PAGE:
Why India’s contact-tracing app is still a work in progress, eight weeks after national rollout

App received widespread criticism from digital rights experts – but at least the government appears to have been listening, Adam Withnall reports

Friday 29 May 2020 17:07
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The Aarogya Setu app is seven or eight apps in one, providing services from proximity tracing to self-assessment tests
The Aarogya Setu app is seven or eight apps in one, providing services from proximity tracing to self-assessment tests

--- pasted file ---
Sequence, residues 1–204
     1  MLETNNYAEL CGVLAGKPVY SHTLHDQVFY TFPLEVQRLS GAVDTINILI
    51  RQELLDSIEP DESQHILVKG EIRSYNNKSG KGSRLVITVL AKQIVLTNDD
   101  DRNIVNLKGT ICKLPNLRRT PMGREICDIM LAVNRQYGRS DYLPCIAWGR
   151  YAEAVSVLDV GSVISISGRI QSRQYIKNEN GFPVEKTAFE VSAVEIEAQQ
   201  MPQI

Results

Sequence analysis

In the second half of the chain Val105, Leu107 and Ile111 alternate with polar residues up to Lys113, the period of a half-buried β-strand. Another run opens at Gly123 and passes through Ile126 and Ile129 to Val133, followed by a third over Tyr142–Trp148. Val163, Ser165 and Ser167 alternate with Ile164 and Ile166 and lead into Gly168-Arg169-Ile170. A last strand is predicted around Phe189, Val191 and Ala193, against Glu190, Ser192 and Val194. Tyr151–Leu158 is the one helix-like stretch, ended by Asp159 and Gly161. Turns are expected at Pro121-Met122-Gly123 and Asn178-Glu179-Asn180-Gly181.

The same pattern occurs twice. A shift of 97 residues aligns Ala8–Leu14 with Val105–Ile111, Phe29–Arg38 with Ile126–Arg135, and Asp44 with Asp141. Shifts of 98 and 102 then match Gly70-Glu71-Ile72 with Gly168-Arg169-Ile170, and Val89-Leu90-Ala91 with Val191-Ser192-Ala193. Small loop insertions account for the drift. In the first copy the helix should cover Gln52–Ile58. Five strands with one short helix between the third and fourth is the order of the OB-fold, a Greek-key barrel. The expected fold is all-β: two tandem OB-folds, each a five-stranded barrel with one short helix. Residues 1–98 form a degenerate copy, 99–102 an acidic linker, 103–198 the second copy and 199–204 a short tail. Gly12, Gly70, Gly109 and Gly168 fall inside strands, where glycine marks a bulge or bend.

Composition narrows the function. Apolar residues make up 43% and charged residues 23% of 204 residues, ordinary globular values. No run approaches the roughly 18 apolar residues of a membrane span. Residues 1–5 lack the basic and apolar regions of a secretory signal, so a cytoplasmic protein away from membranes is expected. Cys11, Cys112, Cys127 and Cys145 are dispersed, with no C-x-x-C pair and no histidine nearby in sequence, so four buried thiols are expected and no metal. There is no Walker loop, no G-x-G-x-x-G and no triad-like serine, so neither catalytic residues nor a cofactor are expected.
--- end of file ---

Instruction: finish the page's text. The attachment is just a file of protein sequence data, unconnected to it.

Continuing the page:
India was among the first countries in the world to order a national rollout of its contact-tracing app on 2 April, just a week after it went into lockdown, to stem the spread of coronavirus.

The initial launch was a quiet affair, but attention built around the app as it was increasingly highlighted during prime minister Narendra Modi’s addresses to the nation.

Almost two months and nearly 120 million downloads later, the app has become a key part of the Indian government’s plans for reopening the country, with employees expected to download it before returning to offices and passengers barred from flying without showing the app on their phone.

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